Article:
This radical deficiency in AI leads to events like the one Smith begins his article with, the killing of a cyclist by an AI driven vehicle. He also considers the Google DeepMind arcade game player which has reinforcement learning to work out how to gain points. As he observes, “the machine has no context for what it’s doing and can’t do anything else. Neither, crucially, can it transfer knowledge from one game to the next (so-called “transfer learning”), which makes it less generally intelligent than a toddler, or even a cuttlefish. We might as well call an oil derrick or an aphid “intelligent”. “ 

He also cites the world financial markets as an illustration of how unstable and unpredictable algorithm driven calculations are. He writes “A “flash crash” had occurred in 2010, during which the market went into freefall for five traumatic minutes, then righted itself over another five – for no apparent reason. I travelled to Chicago to see a man named Eric Hunsader, whose prodigious programming skills allowed him to see market data in far more detail than regulators, and he showed me that by 2014, “mini flash crashes” were happening every week. “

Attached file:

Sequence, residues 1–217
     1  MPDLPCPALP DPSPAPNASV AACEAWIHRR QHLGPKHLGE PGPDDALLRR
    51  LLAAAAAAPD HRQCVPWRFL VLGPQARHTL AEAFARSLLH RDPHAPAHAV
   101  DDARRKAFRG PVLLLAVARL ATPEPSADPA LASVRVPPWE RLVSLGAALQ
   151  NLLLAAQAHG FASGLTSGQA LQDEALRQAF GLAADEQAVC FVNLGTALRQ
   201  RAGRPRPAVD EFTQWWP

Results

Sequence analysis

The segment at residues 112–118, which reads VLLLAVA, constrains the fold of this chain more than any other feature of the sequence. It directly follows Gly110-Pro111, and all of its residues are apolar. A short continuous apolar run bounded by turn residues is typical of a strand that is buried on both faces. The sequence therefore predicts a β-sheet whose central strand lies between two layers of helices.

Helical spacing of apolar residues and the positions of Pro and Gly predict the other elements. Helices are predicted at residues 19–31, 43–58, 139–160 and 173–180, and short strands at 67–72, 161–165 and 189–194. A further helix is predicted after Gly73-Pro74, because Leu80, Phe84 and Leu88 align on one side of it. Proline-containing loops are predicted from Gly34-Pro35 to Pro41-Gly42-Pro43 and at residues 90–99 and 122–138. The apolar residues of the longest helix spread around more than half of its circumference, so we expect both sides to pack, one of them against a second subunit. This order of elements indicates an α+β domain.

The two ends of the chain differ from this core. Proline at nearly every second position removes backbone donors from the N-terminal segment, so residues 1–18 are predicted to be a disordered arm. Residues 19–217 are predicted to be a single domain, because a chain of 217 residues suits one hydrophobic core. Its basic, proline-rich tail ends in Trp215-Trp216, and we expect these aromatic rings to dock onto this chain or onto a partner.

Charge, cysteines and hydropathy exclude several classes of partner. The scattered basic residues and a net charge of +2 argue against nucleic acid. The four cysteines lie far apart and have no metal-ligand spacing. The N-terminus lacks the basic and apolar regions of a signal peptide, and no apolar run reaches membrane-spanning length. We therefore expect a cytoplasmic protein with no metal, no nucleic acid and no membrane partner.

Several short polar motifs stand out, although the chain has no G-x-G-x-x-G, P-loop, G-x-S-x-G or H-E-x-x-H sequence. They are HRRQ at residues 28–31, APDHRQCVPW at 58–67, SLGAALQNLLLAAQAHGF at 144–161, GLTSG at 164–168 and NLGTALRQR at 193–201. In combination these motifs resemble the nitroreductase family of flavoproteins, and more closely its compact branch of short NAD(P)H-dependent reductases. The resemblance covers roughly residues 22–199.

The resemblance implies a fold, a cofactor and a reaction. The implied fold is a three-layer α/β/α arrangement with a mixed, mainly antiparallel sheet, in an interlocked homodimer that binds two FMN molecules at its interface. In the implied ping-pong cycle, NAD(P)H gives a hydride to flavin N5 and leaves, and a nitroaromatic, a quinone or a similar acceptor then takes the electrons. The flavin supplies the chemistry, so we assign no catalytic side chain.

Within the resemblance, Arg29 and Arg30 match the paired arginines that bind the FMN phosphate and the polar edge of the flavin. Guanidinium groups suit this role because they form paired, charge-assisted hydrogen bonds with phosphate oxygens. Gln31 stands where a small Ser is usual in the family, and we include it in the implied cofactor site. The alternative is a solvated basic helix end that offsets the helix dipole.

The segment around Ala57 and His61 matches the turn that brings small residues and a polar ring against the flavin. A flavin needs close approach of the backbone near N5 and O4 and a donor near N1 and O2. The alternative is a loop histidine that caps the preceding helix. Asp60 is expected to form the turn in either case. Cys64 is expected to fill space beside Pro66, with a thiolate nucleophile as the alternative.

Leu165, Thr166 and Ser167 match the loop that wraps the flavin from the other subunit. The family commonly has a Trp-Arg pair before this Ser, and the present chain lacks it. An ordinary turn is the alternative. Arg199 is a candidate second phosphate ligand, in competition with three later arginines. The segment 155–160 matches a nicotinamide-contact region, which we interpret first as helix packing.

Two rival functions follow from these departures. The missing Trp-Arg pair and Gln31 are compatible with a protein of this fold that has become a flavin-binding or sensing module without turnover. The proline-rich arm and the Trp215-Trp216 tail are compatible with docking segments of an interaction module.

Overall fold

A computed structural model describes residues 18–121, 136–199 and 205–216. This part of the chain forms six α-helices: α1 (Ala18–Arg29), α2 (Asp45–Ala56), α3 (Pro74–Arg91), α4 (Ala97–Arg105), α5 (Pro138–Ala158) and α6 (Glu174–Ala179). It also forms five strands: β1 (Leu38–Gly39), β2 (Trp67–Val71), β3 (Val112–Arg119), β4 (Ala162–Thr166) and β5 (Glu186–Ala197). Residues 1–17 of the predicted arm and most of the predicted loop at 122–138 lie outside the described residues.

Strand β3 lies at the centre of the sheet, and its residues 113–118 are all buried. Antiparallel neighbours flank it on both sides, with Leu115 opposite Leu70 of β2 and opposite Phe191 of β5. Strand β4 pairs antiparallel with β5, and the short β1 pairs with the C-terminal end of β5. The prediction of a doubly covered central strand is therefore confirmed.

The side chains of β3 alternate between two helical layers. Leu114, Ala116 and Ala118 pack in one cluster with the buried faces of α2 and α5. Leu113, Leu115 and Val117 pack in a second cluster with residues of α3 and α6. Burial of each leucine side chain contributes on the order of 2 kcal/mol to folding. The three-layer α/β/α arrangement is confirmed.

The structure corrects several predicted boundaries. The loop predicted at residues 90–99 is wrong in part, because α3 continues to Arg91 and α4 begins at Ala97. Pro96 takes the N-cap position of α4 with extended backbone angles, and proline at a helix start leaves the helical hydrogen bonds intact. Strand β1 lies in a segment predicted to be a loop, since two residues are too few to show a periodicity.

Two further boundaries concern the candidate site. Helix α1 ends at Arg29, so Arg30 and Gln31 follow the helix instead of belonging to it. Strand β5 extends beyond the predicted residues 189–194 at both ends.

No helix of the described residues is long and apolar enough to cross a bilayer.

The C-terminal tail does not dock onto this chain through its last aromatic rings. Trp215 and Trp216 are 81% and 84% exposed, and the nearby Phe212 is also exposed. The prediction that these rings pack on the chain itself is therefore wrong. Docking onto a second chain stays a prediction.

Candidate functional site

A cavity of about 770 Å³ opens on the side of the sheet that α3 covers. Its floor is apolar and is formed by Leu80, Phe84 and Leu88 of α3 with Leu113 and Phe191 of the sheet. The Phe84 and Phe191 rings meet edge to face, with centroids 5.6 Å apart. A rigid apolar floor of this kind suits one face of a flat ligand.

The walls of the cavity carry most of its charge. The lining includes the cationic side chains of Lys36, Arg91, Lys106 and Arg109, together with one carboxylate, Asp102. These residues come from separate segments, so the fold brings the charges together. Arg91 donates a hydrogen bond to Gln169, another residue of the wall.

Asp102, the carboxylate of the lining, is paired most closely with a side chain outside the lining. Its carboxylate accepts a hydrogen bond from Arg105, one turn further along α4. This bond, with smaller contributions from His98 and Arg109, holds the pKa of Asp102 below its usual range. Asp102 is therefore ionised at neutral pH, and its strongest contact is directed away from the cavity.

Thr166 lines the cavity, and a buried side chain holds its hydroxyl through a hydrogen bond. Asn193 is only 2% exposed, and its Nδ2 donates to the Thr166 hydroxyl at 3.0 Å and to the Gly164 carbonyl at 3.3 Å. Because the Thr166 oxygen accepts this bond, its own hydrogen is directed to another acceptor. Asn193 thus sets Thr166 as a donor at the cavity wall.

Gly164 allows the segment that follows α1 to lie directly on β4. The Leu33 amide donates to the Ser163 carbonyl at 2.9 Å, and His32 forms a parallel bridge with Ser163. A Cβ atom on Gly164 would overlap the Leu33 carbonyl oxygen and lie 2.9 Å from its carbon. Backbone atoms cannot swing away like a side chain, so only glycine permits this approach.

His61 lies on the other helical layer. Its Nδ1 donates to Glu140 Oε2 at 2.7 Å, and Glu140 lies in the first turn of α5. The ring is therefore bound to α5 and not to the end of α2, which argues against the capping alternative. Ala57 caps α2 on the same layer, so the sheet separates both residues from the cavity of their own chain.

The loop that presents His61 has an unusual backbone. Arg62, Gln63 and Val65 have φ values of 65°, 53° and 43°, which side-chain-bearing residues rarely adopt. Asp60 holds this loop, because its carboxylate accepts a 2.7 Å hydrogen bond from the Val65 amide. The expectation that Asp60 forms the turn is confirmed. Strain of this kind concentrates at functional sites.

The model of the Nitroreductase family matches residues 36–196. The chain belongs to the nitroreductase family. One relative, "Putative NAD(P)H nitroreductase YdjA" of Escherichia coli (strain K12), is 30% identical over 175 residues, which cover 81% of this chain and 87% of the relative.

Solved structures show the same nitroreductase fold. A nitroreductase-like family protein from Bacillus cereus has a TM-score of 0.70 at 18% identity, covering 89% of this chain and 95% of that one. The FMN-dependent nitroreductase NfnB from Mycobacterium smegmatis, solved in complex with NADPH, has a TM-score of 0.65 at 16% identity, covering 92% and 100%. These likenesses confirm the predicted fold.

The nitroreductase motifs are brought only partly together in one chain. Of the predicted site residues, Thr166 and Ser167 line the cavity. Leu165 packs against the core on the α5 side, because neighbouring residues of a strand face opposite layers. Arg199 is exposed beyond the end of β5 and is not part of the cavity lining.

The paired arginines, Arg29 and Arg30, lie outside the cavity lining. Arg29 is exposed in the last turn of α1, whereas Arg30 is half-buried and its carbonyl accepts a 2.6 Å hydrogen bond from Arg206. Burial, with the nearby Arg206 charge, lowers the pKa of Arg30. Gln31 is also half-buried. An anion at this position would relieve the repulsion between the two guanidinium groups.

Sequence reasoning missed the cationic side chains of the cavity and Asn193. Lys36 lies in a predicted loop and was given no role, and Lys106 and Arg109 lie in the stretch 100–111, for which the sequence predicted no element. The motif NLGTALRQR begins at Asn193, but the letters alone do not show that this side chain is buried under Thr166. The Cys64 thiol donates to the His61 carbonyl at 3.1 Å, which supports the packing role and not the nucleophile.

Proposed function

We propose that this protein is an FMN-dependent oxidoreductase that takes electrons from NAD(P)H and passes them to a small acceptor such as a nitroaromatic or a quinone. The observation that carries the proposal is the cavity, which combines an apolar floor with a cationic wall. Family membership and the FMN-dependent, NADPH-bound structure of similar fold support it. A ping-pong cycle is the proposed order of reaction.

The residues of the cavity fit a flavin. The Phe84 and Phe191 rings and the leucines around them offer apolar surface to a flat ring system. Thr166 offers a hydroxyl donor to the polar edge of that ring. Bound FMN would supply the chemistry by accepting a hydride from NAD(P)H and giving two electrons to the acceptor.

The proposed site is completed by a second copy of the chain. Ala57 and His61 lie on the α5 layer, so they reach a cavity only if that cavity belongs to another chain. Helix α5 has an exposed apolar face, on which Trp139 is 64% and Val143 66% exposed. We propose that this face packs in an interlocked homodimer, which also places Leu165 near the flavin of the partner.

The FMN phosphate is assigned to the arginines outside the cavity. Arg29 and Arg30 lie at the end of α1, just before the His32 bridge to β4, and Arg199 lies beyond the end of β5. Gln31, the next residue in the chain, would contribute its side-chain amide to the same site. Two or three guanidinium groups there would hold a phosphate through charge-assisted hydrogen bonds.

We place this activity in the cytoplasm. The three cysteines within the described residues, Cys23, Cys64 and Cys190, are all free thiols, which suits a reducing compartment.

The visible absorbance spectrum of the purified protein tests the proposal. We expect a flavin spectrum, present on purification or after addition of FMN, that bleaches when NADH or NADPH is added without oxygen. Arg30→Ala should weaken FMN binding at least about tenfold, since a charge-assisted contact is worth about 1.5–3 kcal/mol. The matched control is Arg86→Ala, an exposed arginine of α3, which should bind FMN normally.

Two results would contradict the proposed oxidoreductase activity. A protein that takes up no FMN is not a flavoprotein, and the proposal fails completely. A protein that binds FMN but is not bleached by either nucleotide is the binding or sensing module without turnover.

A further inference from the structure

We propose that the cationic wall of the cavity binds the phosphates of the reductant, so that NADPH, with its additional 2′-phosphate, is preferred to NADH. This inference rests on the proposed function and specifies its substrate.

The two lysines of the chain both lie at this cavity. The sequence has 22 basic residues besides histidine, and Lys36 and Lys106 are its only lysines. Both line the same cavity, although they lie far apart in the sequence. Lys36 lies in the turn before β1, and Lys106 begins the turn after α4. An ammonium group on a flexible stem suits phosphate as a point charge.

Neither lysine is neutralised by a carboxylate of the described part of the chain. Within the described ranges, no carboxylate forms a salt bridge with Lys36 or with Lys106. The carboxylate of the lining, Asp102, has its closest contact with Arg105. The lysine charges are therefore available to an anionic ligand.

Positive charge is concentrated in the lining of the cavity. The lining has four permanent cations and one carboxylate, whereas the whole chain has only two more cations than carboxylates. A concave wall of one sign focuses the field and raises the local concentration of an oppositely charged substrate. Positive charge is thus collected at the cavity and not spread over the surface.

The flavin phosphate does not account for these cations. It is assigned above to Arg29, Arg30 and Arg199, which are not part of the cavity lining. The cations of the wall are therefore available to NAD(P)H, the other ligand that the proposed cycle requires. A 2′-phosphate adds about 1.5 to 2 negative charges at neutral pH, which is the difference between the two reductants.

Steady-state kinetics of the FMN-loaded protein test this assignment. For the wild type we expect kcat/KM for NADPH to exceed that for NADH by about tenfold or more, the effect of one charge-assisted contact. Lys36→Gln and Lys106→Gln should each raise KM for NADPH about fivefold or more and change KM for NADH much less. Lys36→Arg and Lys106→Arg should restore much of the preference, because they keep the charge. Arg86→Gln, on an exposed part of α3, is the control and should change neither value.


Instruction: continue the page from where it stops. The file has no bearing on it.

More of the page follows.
Humans can be beaten pretty easily by machines at defined linear tasks, like chess, or playing an arcade game, or the stock market, or any kind of gambling device. This is because humans mostly don’t even try to work things out in terms of sequential logic. Instead, we might say that they have a feel for what might or might not happen. This is dangerous when gambling but essential if avoiding tigers or cyclists. Smith calls this human resource “a broad accumulation of experience and knowledge” but that doesn’t really rule out the sort of knowledge a computer could acquire. If we want to be more scientific we can say that humans, along with most other evolved organisms, are brilliant at making multiple intuitive – or subconscious – calculations of probability simultaneously, and feeling them.